The morning panel, scheduled for 10:00 – 11:15 am, will explore the impact of immigration on families and communities. Panelists include photographic printmaker Delilah Montoya and American Ethnic Studies professor, Dr. Isabel Millán. Montoya’s work explores the unusual relationships that result from negotiating different ways of viewing, conceptualizing, representing, and consuming the worlds found in the Southwest from her own perspective as a feminist Chicana artist from a matriarchal family. She purposefully positions her work as an alternative to the mainstream and as a catalyst for issues of cultural identity. Dr. Millán is an Assistant Professor at Kansas State University who specializes in Chicana/o Studies, critical ethnic studies, transnational feminist and queer theories, bilingual children’s cultural productions, comics, and science fiction.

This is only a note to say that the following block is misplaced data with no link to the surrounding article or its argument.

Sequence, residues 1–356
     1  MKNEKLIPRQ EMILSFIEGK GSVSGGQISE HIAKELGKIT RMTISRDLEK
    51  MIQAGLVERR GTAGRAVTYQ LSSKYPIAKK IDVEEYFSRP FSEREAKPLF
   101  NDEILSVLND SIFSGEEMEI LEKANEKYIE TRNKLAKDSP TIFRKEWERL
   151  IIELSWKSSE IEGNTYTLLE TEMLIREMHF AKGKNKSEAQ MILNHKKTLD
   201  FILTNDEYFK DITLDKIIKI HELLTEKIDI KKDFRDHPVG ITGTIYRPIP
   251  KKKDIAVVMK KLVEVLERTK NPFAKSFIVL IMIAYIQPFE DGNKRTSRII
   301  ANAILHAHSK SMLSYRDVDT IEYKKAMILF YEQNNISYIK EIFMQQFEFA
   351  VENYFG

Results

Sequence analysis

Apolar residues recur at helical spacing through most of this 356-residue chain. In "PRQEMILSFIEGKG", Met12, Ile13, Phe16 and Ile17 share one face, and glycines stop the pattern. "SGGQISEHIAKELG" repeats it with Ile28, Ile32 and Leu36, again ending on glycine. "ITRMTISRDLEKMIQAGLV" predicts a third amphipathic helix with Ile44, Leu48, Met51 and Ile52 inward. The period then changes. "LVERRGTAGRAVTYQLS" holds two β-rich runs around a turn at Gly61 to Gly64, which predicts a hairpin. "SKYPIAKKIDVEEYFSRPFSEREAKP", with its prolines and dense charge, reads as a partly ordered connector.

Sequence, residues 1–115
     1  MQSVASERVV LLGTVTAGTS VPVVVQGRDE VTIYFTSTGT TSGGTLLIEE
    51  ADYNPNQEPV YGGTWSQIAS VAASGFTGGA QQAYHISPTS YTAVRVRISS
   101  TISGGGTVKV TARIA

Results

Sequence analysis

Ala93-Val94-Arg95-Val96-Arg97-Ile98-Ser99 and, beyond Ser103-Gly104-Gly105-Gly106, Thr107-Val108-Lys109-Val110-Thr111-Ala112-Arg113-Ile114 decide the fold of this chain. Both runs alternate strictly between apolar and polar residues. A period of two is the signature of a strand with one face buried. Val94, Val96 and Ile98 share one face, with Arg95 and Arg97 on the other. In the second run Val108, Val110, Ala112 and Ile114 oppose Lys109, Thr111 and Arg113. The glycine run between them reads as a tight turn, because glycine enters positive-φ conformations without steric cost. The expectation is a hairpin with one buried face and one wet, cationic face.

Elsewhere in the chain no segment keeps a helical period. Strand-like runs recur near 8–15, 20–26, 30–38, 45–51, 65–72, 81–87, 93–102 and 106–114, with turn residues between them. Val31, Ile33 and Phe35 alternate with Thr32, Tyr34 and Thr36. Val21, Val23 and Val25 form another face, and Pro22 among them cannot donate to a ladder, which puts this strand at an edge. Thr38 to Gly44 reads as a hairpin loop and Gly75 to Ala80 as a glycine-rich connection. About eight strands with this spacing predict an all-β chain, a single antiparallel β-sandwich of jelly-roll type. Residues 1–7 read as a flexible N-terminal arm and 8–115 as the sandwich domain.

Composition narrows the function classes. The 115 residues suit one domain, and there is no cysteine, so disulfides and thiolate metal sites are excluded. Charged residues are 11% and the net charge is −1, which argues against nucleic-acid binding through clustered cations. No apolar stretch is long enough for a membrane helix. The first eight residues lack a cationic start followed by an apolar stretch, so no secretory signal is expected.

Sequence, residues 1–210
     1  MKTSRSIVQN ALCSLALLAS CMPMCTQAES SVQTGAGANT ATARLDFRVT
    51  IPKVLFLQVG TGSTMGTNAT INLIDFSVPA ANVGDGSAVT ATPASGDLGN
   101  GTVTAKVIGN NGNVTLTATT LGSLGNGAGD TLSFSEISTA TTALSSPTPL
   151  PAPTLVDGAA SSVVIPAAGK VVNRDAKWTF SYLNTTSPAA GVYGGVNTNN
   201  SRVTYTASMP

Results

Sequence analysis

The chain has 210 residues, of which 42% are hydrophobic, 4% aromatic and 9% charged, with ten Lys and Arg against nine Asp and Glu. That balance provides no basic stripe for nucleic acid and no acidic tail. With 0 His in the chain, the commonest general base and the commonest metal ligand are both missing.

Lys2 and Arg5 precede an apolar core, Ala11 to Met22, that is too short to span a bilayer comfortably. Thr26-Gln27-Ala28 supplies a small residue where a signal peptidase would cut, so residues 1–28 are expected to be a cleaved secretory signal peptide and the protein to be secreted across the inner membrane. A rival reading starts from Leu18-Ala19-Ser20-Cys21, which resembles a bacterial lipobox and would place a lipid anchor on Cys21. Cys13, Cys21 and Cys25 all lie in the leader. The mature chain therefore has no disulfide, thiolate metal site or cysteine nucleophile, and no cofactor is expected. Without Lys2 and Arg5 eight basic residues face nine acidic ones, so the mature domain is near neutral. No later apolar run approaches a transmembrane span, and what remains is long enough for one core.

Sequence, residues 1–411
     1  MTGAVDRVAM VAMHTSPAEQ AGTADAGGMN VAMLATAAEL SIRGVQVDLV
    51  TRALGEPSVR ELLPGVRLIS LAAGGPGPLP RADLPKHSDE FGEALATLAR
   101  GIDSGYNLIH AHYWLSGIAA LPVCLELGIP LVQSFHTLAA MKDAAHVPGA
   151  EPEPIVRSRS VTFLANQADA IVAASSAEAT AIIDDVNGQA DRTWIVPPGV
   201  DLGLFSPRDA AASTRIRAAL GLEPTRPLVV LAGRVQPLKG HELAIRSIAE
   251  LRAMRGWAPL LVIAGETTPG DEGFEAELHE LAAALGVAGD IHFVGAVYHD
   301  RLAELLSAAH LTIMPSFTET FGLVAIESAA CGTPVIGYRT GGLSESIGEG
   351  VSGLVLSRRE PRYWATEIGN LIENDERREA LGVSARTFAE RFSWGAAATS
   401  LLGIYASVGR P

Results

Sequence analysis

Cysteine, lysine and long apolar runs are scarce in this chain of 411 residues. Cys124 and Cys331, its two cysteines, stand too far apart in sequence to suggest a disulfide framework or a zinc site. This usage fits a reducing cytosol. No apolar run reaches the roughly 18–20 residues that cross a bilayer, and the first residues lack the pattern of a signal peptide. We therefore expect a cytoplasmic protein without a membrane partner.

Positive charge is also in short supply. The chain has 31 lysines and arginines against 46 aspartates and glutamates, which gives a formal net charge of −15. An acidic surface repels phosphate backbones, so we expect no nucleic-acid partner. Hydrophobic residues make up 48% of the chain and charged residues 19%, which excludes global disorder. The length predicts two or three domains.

A buffet lunch will be held at 11:30 am – 1:00 pm, offering a taco bar with drinks and dessert for $10, and will feature author and poet Ire’ne Lara Silva as the keynote speaker. Lara Silva is the author of two poetry collections and a short story collection, flesh to bone (Aunt Lute Books, 2013), which won the Premio Aztlan. She is also the recipient of the final Alfredo Cisneros del Moral Award, and the 2008 recipient of the Gloria Anzaldua Milagro Award. Her presentation, “Nomiccāmā Nomiccānacayo: The Necessity of Art in Difficult Times,” will focus on the importance of art during difficult times and how artists help shape community resistance and healing.